Prostate cancer, the second most frequently diagnosed cancer in males worldwide, is estimated to be diagnosed in 1.1 million men per year. Introduction of PSA testing substantially improved early detection of prostate cancer, however it also led to overdiagnosis and subsequent overtreatment of patients with an indolent disease. Treatment outcome and management of prostate cancer could be improved by the development of non-invasive biomarker assays that aid in increasing the sensitivity and specificity of prostate cancer screening, help to distinguish aggressive from indolent disease and guide therapeutic decisions. Prostate cancer cells release miRNAs into the bloodstream, where they exist incorporated into ribonucleoprotein complexes or extracellular vesicles. Later, cell-free miRNAs have been found in various other biofluids. The initial RNA sequencing studies suggested that most of the circulating cell-free miRNAs in healthy individuals are derived from blood cells, while specific disease-associated miRNA signatures may appear in the circulation of patients affected with various diseases, including cancer. This raised a hope that cell-free miRNAs may serve as non-invasive biomarkers for prostate cancer. Indeed, a number of cell-free miRNAs that potentially may serve as diagnostic, prognostic or predictive biomarkers have been discovered in blood or other biofluids of prostate cancer patients and need to be validated in appropriately designed longitudinal studies and clinical trials. In this review, we systematically summarise studies investigating cell-free miRNAs in biofluids of prostate cancer patients and discuss the utility of the identified biomarkers in various clinical scenarios. Furthermore, we discuss the possible mechanisms of miRNA release into biofluids and outline the biological questions and technical challenges that have arisen from these studies.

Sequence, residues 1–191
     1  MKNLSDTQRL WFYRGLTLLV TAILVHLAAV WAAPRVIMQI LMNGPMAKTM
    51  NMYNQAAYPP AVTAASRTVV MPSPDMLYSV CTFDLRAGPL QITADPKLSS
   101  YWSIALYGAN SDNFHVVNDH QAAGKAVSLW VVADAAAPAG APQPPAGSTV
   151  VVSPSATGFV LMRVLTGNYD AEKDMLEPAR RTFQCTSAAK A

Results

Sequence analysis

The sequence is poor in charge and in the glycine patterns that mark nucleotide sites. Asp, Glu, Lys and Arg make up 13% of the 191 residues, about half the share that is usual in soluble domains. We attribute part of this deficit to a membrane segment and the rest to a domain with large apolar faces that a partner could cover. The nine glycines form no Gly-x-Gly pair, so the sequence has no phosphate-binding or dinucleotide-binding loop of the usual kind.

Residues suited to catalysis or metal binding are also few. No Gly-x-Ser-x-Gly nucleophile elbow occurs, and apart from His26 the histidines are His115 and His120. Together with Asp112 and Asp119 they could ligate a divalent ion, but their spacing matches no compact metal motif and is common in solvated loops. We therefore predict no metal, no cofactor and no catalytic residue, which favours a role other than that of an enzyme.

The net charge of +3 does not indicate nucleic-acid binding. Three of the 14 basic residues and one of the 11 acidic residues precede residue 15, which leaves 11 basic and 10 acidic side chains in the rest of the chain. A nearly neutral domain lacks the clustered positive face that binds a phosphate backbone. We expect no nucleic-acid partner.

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Molecular cancer. 2016 May 18*** epublish ***
Edgars Endzeliņš, Vita Melne, Zane Kalniņa, Vilnis Lietuvietis, Una Riekstiņa, Alicia Llorente, Aija Linē
Latvian Biomedical Research and Study Centre, Ratsupites Str 1, k-1, LV-1067, Riga, Latvia., Latvian Biomedical Research and Study Centre, Ratsupites Str 1, k-1, LV-1067, Riga, Latvia., Latvian Biomedical Research and Study Centre, Ratsupites Str 1, k-1, LV-1067, Riga, Latvia., Latvian Biomedical Research and Study Centre, Ratsupites Str 1, k-1, LV-1067, Riga, Latvia., Faculty of Medicine, University of Latvia, 19 Raina blvd., Riga, LV-1586, Latvia., Department of Molecular Cell Biology, Institute for Cancer Research, Oslo University Hospital-The Norwegian Radium Hospital, 0379, Oslo, Norway., Latvian Biomedical Research and Study Centre, Ratsupites Str 1, k-1, LV-1067, Riga, Latvia. .